John Locke, arguably the founder of political liberalism, was one of the thinkers forced to flee. Upon his return, Locke helped draft the English Bill of Rights. In the months that followed, Locke penned two philosophical treatises, which served as the theoretical grounding for the Bill of Rights but also, more famously, for modern liberal democracy as a whole. Today it is easy and uncontroversial to hate Filmer. He represents what American philosophers of the nineteenth century spent their lives rejecting: nepotism, blind acceptance of authority, religious fanaticism, and political elitism based on economic inequality. Civilization founded on absolute political authority is not a civilization worth defending or even preserving. This most basic of American beliefs is so widely accepted that it is difficult to remember that any reply to Filmer was, in 1690, painfully controversial. When Locke first penned his famous Two Treatise on Government, he had to do so carefully, anonymously, and tuck it in a nondescript binding, with a nondescript title: “A Reply to Filmer.”
I looked up for a moment, out the window, across the valley. Venus—the evening star, Hesperos—was just beginning to show itself in the evening sky. And then I returned to our broken book.
“Holy shit,” Carol murmured, “did I just break that?” I tried to remind her that it was undoubtedly already broken, that bindings are fragile, but she wasn’t listening. To a dyed-in-the-wool philosopher like Carol, this might as well have been Moses and the tablets: pure sacrilege. I could understand her abhorrence. The book was, by any standard, rare. I’d seen one, but many years ago, at the Smithsonian, under an inch and a half of tamperproof glass. In perfect condition, the asking price at Sotheby’s would start at $80,000. Start. But it wasn’t in perfect condition anymore—not even close.
A quick reminder: The “shot heard round the world,” which initiated the American Revolution, was fired in the literal backyard of Emerson’s grandfather, in Concord, Massachusetts. The war, the real reply to Filmer, killed fifty thousand people, including Emerson’s father, when little Waldo was seven. The philosophical project of American Transcendentalism was to make good on an “intellectual declaration of independence” and thereby deepen the freedom that had been secured by military sacrifice. “I heartily accept the motto,” Thoreau writes in “Civil Disobedience,” “that government is best which governs least’; and I should like to see it acted up to more rapidly and systematically. Carried out, it finally amounts to this, which also I believe—‘That government is best which governs not at all.’” Thoreau is harkening back to the American founding, to the gilded and often misquoted words of Jefferson. Usually the halcyon story of American independence starts here, on the sturdy foundations of national mythology. In fact, however, the origins of freedom can be found in a much more fragile, more human, place—in this battered, anonymous book that now lay in two pieces atop Hocking’s desk.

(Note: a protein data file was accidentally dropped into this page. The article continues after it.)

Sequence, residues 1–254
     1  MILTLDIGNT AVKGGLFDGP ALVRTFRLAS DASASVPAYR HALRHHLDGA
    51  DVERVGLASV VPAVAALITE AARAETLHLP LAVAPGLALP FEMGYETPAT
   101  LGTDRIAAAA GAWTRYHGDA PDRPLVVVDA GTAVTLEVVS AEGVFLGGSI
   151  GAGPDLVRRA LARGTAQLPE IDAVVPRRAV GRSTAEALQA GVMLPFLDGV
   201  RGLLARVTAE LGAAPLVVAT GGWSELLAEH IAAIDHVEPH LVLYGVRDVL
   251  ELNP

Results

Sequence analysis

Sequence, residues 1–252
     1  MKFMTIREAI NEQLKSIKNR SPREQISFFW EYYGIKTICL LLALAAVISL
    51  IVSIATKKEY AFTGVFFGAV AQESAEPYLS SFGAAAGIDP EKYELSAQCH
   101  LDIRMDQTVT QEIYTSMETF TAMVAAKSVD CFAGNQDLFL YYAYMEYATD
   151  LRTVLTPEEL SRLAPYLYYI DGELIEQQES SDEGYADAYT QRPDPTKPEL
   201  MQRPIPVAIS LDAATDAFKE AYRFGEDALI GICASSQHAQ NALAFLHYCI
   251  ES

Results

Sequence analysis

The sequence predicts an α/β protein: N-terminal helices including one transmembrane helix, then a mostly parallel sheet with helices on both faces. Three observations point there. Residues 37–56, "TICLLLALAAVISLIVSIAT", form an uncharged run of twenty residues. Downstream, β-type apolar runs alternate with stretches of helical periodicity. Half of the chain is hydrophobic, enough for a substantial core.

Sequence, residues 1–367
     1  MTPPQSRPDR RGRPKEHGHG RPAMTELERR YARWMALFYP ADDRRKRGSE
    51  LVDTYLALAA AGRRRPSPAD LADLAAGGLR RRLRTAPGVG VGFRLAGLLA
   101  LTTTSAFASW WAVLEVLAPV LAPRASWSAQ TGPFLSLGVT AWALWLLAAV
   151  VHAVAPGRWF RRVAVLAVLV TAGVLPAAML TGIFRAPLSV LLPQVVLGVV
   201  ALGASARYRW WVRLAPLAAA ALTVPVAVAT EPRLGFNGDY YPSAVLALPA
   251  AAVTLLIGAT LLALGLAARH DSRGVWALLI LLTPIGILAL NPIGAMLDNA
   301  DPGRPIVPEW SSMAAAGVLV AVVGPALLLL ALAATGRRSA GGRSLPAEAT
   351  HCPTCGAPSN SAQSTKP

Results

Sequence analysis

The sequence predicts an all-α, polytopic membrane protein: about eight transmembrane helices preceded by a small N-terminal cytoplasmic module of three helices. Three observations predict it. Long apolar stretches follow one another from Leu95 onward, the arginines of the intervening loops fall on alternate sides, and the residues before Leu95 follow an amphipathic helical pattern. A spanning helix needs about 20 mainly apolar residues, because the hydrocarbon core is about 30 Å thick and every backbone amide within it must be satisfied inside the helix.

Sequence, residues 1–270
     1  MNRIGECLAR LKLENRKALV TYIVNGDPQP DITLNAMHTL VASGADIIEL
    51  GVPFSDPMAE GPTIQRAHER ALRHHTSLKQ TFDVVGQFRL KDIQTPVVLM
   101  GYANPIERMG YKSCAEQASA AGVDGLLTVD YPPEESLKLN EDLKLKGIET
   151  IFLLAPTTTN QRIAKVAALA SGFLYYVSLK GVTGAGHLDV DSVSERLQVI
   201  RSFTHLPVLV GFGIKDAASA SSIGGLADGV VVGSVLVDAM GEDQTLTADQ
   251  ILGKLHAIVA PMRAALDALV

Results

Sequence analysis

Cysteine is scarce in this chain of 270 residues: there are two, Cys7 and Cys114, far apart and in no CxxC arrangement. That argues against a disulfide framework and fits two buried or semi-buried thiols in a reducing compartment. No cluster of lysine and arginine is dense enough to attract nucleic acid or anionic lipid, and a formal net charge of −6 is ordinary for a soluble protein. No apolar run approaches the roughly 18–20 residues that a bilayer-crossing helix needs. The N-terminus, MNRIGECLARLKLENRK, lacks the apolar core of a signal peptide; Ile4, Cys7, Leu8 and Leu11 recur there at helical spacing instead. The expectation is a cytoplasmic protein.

Terror, excitement, and disgust slowly faded into appreciation as the entire night slipped behind us and Venus—the morning star, Phosphoros—slowly moved across the sky. We sat at the desk for hours together, carefully paging through the founding of political liberalism. Perhaps it was better, more nourishing, more realistic, to read a book about freedom in such tattered condition. It was a reminder of how fragile our liberties can be and how difficult it is to protect them. And we had to move with breathless care.
Today, books come to us in the mail from Amazon: crisp, clean, and unloved. We are free to read—or better, to skim and scan—the books we choose, and free to buy replacements when we lose them. It’s tempting to think they are largely fungible. But they aren’t. A book is a record of an event, a human event as fragile and complex as life itself.
John Kaag is a professor of philosophy at the University of Massachusetts, Lowell. He is the author of Idealism, Pragmatism, and Feminism (2011) and Thinking Through the Imagination: Aesthetics in Human Cognition (2014). His writing has appeared in The New York Times, Harper’s Magazine, The Christian Science Monitor, The Chronicle of Higher Education, and many other publications.